My Appa, has this habit of filing Newspaper cut outs. If an article seems interesting to him, or if he thinks it could be of useful to others, he files them. So, he usually keeps all cooking related cut outs for me. It can be recipes, eating habits or write ups about various food culture etc;
Nowadays, it has become one of my holiday rituals to go through these cut outs. Apart from the foodie articles, he also keeps the cut outs of new boutiques in and around Cochin, for me ;)
Sometime ago when I talked to him, he said reading an article about sambar. That’s when he asked me, what all veggies I add while making sambar. I started the list with carrot and he immediately interrupted me by saying, “you don’t add carrot in sambar!”. His explanation was carrot is not a traditional Kerala vegetable, so it’s not added. He went on and on about using only traditional Kerala vegetables in sambar.
He continued to give me a lecture about how “people like you” are adding all those “foreign vegetables” to sambar these days and taking away the traditional taste of sambar and all those things. Whenever I talk to Appa, after 5-10 minutes of our usual small talk and what’s going on, we manage to get into an argument.
That has become our normal way of talking these days ;) He will somehow bring up a topic that will get me all fired up, sometimes I take his bait and sometimes if I don’t have the energy, I tell him that we will discuss it later on.
Dont get me wrong, even if we tend to get in heated arguments, every now and then, we end our arguments by hugging out each other. The thing is Appa loves to argue, have you heard about the book called “Argumentative Indian” by Amartya Sen? When I saw that book, I just bought it even without turning a page to see what it is about, I had to buy it for Appa, because that title fits him perfectly ;)
Ok, back to what happened that day after our discussion on veggies in Sambar, I ended my case saying, “it’s my sambar and I add the veggies I feel like eating and you are always free to make your own version”.
He also got all fired up and said he could make his own sambar!
Later on, whenever I called him, the first thing I asked was whether he made his “indigenous” sambar. It went on for sometime. After a month or so, when I was on my usual call home, Amma told me ” di, our sambar expert had a wonderful sambar today from a wedding”. I was like, not this sambar business again and that’s when she told me what happened.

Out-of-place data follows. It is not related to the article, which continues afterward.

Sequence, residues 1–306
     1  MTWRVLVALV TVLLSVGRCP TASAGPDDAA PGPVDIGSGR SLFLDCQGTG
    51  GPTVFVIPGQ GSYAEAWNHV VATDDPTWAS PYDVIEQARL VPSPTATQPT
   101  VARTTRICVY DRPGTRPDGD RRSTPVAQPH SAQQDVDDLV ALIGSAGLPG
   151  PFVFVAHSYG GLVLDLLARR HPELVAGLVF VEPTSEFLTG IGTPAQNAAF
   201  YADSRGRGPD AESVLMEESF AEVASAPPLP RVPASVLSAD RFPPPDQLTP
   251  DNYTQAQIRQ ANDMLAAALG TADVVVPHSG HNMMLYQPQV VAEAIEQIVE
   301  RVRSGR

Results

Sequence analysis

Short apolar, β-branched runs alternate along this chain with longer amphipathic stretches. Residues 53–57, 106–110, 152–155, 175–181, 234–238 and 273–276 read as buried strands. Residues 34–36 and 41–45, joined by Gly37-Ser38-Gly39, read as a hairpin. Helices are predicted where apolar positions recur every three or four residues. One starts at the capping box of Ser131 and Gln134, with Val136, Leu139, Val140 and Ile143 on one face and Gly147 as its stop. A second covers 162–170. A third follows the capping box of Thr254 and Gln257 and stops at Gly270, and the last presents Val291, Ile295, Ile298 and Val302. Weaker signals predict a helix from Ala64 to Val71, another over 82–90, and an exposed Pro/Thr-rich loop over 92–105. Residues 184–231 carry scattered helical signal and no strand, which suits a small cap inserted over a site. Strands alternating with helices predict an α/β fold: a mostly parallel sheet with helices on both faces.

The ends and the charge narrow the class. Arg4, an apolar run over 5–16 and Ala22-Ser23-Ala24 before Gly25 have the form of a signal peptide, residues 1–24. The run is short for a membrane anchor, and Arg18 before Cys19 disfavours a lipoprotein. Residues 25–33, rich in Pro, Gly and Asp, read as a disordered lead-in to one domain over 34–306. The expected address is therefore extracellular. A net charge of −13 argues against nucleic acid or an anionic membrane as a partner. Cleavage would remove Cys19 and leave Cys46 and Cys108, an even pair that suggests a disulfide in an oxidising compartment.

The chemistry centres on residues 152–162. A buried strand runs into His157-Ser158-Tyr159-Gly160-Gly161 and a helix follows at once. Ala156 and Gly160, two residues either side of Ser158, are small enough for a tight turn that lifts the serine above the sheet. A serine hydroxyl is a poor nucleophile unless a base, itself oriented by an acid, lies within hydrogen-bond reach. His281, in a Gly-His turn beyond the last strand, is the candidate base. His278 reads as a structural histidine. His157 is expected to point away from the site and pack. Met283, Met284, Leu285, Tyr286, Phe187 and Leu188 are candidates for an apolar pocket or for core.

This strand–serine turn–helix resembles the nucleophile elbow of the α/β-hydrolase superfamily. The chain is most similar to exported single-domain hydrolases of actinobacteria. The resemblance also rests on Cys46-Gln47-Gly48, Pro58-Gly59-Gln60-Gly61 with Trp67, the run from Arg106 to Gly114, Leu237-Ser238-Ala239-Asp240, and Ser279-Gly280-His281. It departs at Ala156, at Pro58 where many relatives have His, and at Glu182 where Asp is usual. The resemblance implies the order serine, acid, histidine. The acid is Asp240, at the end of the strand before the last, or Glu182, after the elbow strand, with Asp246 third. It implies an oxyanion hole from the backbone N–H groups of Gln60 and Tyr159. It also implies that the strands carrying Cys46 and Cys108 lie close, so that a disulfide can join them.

Here’s what happened – they went for this wedding and was having a sadhya. Appa liked the sambar so much, he kept on having it and telling Amma, this is how you make sambar!
Suddenly he bit into something crunchy and sadly his ideal sambar was no longer ideal. Yep. He actually bit into a dried shrimp! My Appa being pure vegetarian was shocked to see dried shrimp in sambar and called the caterers immediately to check with them. Looks like the caterers were kinda surprised to see Appa’s reaction, because they were like “yeah we add dried shrimp powder in all the curries to enhance the flavour, we add it to Aviyal also” !!!
Anyways, by the time Appa took the phone to talk to me, he was kinda recovered from the shock and was finding it really difficult not to laugh. Sheepishly, he knew it was my golden chance to strike back about sambar and yes – I made good use of the opportunity ;) But honestly, I felt bad for him. I think one should respect other’s choice when serving food. What do you think?
But let me tell you one thing, I’ve observed that people are very selective when it comes to Sambar, especially vegetarians. I think how vegetarians feel about Sambar and Aviyal is very similar to how non vegetarians feel about their Chicken Biriyani. Everybody has their own favourite version. So, are you also particular like my Appa, about the veggies that you use in Sambar?
Coming to this recipe… I’ve followed my old sambar recipe and instead of adding ready made Sambar powder, I’ve used roasted coconut with spices. I was a bit skeptical whether the roasted coconut taste will stand out and Sambar will end up as Theeyal, but it worked out well. There was only a mild hint of the roasted coconut and wasnt overpowering at all. Though it’s a bit time consuming compared to the other Sambar recipe, it’s well worth effort and the flavour is really good. Also, if you are looking for a Sambar recipe which doesn’t use ready made Sambar powder, this is a good option. I think this Sambar is more common in Northern Kerala.